Needleview Researcher: Dr. Sherman Canapp

From Biovision’s Views Newsletter, Issue 2, May 2015

Sherman Canapp

Vet: Sherman Canapp, DVM, DACVS, DACVSRM
Affiliation: VOSM — Veterinary Orthopedic & Sports Medicine Group
Position: Owner and Chief of Staff
Focus: Canine
Location: Annapolis Junction, MD
Contact: 
URL: http://vetsportsmedicine.com/

Use: Currently performing clinical research into the efficacy of regenerative medicine therapies in canine unilateral supraspinatus tendinopathy

I most recently became involved with Biovision at the start of Veterinary Orthopedic & Sports Medicine Group’s Canine Health Foundation clinical trial on the efficacy of regenerative medicine therapies. This is a pioneer study with Virginia Tech that we hope will shape the future of veterinary medicine, and therefore a great opportunity for Biovision’s involvement. This trial requires a confirmed diagnosis of unilateral supraspinatus tendinopathy, which can be confirmed through diagnostic ultrasound. This trial also has extensive exclusion criteria, including concurrent pathologies, which can only be confirmed through arthroscopy.

The NeedleView technology then came into play for this clinical trial since we require a definitive diagnosis before treatment–something that only arthroscopy can provide. The NeedleView is less invasive than traditional arthroscopy and allows us to perform advanced diagnostics without the need for a full setup in an operating room. We believe that the NeedleView will be an advantage to this study moving forward.

Our use of the NeedleView technology will expand upon the feasibility of using this technology in a clinical setting, as well as its ease of use in advanced diagnostics. Through our study on regenerative medicine therapies, we will be able to gain a better understanding of the uses of the technology as a diagnostic tool for canine shoulder injuries and develop efficient protocols for use in a clinical setting.

Key benefits of the NeedleView modality: Traditional arthroscopy is a tool that we use on a daily basis, but there are times that traditional arthroscopy is not needed. One of the biggest benefits of the NeedleView technology is that it allows for advanced diagnostics by a less invasive means. Veterinary medicine focuses on advances in medicine and patient care. Minimally invasive procedures that also allow a patient to be under anesthesia for less time are a huge benefit to the community overall. The NeedleView can be used for intra-articular and soft tissue imaging, such as arthroscopy of the meniscus, cranial cruciate ligament, medial shoulder instability, biceps tears, fragmented medical coronoid processes, and osteochondritis dissecans. The NeedleView is versatile in that it can be used in all joints, including the shoulder, carpus, hip, stifle, and hock.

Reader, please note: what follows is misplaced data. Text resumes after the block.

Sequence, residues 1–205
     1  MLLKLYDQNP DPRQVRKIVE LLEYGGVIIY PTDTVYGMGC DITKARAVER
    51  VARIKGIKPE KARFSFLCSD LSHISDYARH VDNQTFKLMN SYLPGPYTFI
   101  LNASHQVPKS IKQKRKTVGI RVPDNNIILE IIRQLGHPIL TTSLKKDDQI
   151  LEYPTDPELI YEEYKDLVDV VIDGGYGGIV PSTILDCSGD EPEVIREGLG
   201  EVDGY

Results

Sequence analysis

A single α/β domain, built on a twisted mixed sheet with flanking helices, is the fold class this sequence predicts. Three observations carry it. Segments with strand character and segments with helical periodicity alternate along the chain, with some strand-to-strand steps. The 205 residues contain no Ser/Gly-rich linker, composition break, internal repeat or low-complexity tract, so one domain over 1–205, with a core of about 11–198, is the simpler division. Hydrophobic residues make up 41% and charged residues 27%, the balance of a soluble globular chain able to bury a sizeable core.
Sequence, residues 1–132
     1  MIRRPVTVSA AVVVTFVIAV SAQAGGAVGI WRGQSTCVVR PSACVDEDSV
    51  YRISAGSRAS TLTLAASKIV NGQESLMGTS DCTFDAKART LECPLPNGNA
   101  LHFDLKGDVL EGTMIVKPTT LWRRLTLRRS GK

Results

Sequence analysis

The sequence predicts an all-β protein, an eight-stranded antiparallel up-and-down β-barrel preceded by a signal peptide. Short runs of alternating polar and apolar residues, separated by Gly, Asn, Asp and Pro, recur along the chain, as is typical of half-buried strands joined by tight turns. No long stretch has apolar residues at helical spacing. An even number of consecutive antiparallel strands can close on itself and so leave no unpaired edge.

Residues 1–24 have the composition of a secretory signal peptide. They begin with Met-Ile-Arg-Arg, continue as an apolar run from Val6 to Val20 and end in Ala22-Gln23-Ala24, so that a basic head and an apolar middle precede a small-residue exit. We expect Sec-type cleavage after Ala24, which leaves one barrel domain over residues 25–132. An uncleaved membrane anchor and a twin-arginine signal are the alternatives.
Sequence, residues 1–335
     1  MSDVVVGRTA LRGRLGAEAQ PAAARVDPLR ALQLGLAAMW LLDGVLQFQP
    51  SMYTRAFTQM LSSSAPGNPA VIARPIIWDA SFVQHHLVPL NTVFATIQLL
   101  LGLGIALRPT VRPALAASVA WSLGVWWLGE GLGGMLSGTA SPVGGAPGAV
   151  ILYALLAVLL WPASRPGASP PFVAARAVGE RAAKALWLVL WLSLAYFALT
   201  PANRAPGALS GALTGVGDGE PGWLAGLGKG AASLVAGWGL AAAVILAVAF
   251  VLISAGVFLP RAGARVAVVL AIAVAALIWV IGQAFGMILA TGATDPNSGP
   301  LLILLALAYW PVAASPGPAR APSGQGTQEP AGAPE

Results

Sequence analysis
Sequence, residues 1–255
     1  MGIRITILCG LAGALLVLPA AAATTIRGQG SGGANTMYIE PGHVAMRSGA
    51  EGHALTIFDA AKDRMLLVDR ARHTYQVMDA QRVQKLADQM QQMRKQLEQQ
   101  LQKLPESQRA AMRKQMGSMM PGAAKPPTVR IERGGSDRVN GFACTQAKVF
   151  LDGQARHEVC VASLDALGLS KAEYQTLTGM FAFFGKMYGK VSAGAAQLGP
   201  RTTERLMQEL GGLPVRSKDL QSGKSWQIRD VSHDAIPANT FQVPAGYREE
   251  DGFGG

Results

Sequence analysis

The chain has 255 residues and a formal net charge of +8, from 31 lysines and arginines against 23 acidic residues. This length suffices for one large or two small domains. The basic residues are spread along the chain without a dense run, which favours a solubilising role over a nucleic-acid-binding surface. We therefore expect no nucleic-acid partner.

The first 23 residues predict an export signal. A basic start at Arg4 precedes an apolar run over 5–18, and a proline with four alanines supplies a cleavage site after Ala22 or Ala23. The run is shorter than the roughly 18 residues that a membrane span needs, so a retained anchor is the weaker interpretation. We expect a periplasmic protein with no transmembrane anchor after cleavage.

For what practitioner/practice is NeedleView best suited? Arthroscopy in general requires dedicated training and expertise. If a veterinarian has the skills necessary to perform arthroscopies for his or her patients, it should be recommended to utilize these skills as arthroscopy is less invasive for the patient as compared to traditional exploratory surgery. Diagnostic musculoskeletal ultrasound, MRI, and CT scan are also viable advanced diagnostic options, but may not always be the most effective depending on the injury or suspected injury. All advanced diagnostics require training and considerable monetary commitment, but few are as versatile as arthroscopy and minimally-invasive procedures. Veterinarians who have less experience with arthroscopy should also be encouraged that the NeedleView technology, at 1.2 millimeters O.D., is less challenging to insert into a joint as compared to a 2.4- or 1.9-millimeter scope. As a cost benefit, we have found that arthroscopy with the NeedleView can be performed in our treatment or procedure area and does not require full draping in an operating room. By using our treatment area, we have also found that our patients require less time spent under anesthesia, as we do not have the added time of setting up arthroscopy equipment and patient preparation in an operating room.